When it comes to buying an engagement ring, carat weight is often viewed as the most important criteria in selecting a diamond.
But, what does a 1 carat diamond really mean when you hear people saying it to describe a ring? Does a diamond with a bigger carat weight always appear larger?
Well, you find answers to these questions and more in this section of Beyond4cs.com.
Technically speaking, one carat is equal to 200 milligrams or 100 points. If you purchased a 1 carat stone, it means that you had bought yourself exactly 0.2 grams of diamond.
Also, many people have the misconception that a diamond with bigger carat weight will always appear larger. The truth is far from that. I’ll explain this by using real-life examples on a later page.
Before we continue, I want you to check out this short video to give you a quick overview of what carat weight is and how it is measured in the lab.
Now, if you are like many others, you might be wondering why a diamond’s weight is measured in terms of carats. Isn’t the use of SI units like the kilogram or its derivatives better suited to describe the weight of something so expensive?
Why not the use of ounces; which is a unit of measurement we are familiar with from everyday applications?
Well, the history behind this is pretty interesting. The word carat actually originates from carob; which refers to a locust tree that produces edible pods. Carob seeds, being even in weight, were used as weighing references by traders in the olden days.
Without electronic balances, seeds were used as measurements
Remember, this was a time when high tech weighing machines were non-existent. Back then, one carat was equal to the weight of one carob seed and trades were made based on this simple estimation.
As you could have imagined, carob seeds varied in sizes and everybody was using different references depending on which part of the world you are in. Back in the 1890s, if you bought a “one-carat” diamond, the weight could actually vary anywhere between 0.94 to 1.06 metric carats!
That’s a huge amount of uncertainty considering the big sums of money paid for a single stone.
Much has changed since ancient times. While highly sensitive electronic weighing equipment has replaced the carob seeds, the industry stuck with the terminology of using carats to describe the weight of a diamond.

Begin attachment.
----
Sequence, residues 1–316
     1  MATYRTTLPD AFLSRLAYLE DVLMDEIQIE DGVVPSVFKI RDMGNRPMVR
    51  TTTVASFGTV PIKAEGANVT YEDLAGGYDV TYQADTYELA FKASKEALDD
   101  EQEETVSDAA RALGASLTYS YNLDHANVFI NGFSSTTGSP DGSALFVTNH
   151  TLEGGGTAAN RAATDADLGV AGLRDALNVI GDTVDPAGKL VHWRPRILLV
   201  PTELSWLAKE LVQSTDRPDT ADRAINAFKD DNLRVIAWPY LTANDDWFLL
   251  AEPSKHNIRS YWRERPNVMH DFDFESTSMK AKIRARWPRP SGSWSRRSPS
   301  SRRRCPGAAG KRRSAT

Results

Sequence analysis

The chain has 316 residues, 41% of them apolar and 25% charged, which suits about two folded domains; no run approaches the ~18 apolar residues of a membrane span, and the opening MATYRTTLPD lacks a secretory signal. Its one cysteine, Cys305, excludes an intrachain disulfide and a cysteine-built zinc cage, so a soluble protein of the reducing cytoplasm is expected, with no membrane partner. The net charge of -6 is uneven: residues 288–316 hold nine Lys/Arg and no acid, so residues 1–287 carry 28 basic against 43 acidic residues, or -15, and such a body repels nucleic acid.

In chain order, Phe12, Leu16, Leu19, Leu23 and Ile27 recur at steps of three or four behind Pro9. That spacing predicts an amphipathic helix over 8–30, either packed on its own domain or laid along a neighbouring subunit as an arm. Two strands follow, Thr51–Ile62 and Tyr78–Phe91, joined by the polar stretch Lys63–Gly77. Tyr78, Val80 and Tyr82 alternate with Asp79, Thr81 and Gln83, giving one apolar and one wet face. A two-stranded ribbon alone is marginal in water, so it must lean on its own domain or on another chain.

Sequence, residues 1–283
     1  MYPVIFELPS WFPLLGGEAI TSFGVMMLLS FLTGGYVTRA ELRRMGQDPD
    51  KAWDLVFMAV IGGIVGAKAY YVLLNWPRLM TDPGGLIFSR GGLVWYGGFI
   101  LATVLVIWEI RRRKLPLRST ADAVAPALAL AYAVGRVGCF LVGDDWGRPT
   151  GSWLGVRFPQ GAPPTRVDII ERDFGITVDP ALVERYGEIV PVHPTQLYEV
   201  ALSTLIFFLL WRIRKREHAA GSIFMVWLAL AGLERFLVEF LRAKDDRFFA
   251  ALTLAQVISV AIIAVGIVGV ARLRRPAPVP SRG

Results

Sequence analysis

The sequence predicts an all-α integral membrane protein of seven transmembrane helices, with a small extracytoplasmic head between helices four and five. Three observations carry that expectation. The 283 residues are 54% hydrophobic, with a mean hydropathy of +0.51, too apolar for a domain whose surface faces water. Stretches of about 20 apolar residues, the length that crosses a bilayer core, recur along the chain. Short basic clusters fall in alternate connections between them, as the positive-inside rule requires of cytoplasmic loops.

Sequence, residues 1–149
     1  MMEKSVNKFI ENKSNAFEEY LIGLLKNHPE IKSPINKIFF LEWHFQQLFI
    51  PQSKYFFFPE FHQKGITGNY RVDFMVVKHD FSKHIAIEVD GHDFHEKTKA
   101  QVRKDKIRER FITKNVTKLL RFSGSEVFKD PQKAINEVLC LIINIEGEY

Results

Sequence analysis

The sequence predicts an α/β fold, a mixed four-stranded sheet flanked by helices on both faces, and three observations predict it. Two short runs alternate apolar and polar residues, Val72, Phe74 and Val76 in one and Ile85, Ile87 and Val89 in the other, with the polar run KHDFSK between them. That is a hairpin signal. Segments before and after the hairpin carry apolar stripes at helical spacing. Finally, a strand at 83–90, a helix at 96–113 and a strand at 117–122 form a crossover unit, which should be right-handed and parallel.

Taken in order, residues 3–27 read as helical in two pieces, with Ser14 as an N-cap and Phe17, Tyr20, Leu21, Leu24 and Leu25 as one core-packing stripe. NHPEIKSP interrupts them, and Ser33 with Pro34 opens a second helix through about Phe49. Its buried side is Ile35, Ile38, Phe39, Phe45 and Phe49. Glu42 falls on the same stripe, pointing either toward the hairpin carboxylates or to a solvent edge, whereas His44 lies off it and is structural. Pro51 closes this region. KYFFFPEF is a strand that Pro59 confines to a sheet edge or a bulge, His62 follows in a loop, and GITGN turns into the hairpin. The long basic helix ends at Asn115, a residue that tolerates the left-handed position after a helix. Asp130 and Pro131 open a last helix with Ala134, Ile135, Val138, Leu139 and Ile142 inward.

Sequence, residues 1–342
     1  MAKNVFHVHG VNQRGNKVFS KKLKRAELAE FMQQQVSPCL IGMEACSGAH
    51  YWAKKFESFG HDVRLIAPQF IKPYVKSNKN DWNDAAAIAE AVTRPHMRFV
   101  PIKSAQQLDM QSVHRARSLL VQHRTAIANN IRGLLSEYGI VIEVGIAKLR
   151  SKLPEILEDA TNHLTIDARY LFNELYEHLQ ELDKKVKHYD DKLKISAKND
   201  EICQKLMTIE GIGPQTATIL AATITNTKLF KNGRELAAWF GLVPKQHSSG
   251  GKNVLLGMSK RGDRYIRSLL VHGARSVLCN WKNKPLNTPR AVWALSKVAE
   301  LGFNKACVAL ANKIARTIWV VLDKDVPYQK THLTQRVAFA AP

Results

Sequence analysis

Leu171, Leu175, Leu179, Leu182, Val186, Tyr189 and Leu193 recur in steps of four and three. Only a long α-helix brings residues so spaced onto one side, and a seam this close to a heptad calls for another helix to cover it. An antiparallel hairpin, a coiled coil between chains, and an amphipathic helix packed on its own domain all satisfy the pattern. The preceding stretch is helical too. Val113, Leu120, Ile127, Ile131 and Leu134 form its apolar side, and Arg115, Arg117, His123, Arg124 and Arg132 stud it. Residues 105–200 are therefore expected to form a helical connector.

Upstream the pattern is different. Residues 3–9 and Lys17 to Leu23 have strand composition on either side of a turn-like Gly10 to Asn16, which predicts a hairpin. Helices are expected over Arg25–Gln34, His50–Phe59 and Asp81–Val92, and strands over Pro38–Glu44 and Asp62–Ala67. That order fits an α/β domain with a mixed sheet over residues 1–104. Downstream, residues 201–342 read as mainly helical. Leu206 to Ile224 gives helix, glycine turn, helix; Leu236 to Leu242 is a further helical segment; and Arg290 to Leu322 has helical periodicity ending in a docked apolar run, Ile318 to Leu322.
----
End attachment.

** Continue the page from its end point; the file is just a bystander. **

How big is big enough? Where do we draw the line?
I’m sure you guys are familiar with this scenario. What’s the first reaction or question that comes to your mind when you hear about a new diamond jewelry purchase?
Without a doubt, questions associated with “What’s the carat size/weight of the diamond?” would instantly come to mind. The reason behind this is that the size of a diamond corresponds directly to the value and worth of the piece of jewelry.
And in many societies, it is an indication of a person’s status and wealth. On top of that, most of us have also been conditioned by the mass media and advertising campaigns into believing that bigger is always better.
Ads with catchy bylines like “Make your lady fall in love with a 1 carat diamond”, “Love is as big as it gets” etc… are all smart marketing tactics that jewelry companies employ to create a desire for bigger rings.
In fact, cliché movie lines like “If you loved me, you would have bought me a bigger diamond” had been so overused that the underlying meaning had been mentally etched in the minds of most people.
The truth is that jewelers know diamonds sell for more when they go pass certain sizes. It is no coincidence that the majority of diamonds in the market are cut to retain as much rough weight as possible at the expense of brilliance and beauty.
How often have you seen stones that weigh 0.48 or 0.98 carats? By design, such stones are rare oddities because they fall below the “magic sizes” that can fetch more money.
Instead, what you would observe is that the bulk of the stones would usually be cut to nice figures like 0.50 or 1.00 carats. Most of the time, this is done by compromising cut quality as the cutters strive to keep as much rough as possible.
With that said, don’t get carried away with choosing the biggest stone that you can find. This is one of the most common and yet, gravest mistakes that many first-time buyers make. What precedes a focus on the carat size of a diamond should be a consideration of other factors like cut, color and clarity as well.
We will be covering the different aspects with indepth details and examples over the next few pages.
Coming up, you can use the following carat size chart diagrams and tables to help visualize the physical size of a diamond. These charts are really helpful if you are new to diamond shopping and want to gauge the exact dimensions with respect to a corresponding weight.